Another aspect that is just as wonderful, if not even more so than the emergent narratives, is the idea that games can be more than just things to occupy us in order to entertain us. When playing something like a Europa Universalis, the more you learn about the game’s systems, the more you understand the abstracted model of how a system worked in reality. In Europa Universalis’ case, that would be the political, social, economical and military machinations of the world in the renaissance. For example, in my recent game as France, I was waging war against England and Portugal and soon realized that I couldn’t keep my troops up because frankly, I didn’t have enough manpower. In no other strategy game I played did I have to worry about the raw manpower of my controlled faction. In Civilization V, if you have a warrior, that’s it. You have a warrior. But in EUIV, I literally didn’t have enough young men to put on uniforms and go to the front lines for me. Thousands of families were deprived of their sons, brothers and fathers so that I could take back Caux. My war exhaustion was rising and it had a number of effects on my nation’s performance. All these causes and effects made sense from a gameplay perspective, but they also represented what would logically have happened in reality. It made sense that with increased losses revolt risk of the people would increase too. At some point, people will not agree anymore to fight for your cause, even if they’re your own people.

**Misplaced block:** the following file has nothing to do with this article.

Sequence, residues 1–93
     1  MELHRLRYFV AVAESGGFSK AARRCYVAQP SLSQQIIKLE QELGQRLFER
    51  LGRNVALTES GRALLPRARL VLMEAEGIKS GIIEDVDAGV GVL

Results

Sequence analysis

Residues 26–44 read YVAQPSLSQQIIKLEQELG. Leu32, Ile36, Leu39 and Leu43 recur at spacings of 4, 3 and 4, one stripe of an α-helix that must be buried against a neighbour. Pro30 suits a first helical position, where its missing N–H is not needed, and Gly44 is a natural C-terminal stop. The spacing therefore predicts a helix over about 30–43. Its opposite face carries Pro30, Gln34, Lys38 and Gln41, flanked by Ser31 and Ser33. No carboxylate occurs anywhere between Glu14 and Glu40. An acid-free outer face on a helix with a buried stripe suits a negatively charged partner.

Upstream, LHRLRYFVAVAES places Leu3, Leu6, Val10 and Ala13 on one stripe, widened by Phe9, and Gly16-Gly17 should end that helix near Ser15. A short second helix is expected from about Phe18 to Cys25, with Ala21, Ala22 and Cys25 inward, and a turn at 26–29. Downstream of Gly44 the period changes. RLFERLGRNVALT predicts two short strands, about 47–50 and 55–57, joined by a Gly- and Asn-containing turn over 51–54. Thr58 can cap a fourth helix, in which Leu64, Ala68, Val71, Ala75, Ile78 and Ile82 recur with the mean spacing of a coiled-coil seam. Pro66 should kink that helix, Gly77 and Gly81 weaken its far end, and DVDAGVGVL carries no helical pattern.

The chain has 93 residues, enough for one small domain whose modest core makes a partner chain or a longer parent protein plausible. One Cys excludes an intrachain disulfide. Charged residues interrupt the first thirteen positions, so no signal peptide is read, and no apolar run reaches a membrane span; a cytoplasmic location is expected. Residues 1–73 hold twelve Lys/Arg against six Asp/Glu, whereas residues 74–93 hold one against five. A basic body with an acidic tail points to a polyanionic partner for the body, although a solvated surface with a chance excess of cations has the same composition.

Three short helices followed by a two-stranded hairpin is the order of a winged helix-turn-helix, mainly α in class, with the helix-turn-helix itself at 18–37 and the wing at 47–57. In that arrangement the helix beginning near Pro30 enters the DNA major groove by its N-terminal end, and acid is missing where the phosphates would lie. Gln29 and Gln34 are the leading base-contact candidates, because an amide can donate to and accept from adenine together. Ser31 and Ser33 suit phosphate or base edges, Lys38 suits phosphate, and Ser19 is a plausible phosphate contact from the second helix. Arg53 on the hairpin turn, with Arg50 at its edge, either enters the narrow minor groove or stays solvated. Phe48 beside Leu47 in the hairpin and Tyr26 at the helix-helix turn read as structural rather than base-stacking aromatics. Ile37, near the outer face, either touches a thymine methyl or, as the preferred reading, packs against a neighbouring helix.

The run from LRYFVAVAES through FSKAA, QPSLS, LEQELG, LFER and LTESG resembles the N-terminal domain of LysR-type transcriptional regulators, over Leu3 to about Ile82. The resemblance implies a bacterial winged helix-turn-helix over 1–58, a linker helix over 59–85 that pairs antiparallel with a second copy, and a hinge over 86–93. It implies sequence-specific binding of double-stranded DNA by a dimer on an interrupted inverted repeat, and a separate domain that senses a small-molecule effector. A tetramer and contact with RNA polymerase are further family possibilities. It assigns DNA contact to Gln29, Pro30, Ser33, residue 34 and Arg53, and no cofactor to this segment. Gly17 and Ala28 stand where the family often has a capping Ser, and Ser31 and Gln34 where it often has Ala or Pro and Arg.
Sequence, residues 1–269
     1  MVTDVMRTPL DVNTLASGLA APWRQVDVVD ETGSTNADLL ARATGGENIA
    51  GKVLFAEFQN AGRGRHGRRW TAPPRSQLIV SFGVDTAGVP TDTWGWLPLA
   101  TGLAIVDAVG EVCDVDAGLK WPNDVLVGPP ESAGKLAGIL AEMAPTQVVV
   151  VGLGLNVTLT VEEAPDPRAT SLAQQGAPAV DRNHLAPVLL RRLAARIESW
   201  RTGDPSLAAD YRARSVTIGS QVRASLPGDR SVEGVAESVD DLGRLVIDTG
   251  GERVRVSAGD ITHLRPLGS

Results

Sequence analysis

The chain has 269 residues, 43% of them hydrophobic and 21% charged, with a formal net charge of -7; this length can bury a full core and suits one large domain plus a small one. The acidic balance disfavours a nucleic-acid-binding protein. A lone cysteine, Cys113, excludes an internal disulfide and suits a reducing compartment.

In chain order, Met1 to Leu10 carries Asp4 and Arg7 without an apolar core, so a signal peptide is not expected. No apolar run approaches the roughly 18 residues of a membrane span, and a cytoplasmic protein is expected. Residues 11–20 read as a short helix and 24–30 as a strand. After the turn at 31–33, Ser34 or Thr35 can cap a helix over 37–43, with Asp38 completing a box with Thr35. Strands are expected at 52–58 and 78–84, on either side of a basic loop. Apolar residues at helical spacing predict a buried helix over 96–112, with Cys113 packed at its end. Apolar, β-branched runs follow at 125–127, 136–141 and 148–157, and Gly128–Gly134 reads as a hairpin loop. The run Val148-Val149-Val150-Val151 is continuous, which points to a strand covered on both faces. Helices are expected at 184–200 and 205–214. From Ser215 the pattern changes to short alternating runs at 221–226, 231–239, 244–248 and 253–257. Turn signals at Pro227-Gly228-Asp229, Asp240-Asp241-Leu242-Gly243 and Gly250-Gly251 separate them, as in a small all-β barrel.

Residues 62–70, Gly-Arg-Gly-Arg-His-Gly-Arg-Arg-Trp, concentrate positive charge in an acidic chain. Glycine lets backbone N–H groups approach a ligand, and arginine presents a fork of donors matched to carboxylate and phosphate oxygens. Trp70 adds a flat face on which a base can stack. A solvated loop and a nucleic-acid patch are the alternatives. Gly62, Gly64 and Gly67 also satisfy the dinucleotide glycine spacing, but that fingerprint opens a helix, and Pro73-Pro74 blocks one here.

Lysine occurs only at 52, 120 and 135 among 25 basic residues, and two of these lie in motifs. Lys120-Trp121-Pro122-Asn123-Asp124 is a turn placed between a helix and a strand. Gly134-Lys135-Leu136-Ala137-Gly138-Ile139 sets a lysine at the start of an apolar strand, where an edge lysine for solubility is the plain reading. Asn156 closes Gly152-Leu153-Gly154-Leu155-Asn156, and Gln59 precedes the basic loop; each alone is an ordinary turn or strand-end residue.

So with games, it’s their unique ability to model some concept of real life and make it easily to understand causes and effects, because they can let players explore them in a safe environment. Games have huge untapped potential to be educational, without being mere digital text books.
A danger of this is of course, that the abstracted models can turn out unfaithful to reality and give us a false image of how a given principle really works. If EUIV had omitted the aggressive expansion penalty to the player’s diplomatic reputation, one could falsely be led to believe that aggressive expansion was a more viable way for a country to be successful. I admit, this isn’t a perfect example to illustrate my point, but you see it all the time in “lesser” games. In so many military shooters for example, you go and shoot the brown people without any moment to think and analyze if this campaign you’re embarking on is actually worth it. The game rewards you for shooting brown people in the head with letting you progress towards the next exciting encounter, progressively getting harder and harder with each mission. I hope there aren’t any people who play these games and let them skew their idea of what real war is like. A good piece on how torture is depicted in a simplifed way which can reinforce a false viewpoint can be found here: http://gamestudies.org/0802/articles/sample
I believe in the future, we’ll see more games exploring this space and probably there will be games that people will play specifically to learn and study an aspect of life and reality, alongside with reading textbooks and discussion with peers. Games can be an integral part of future education.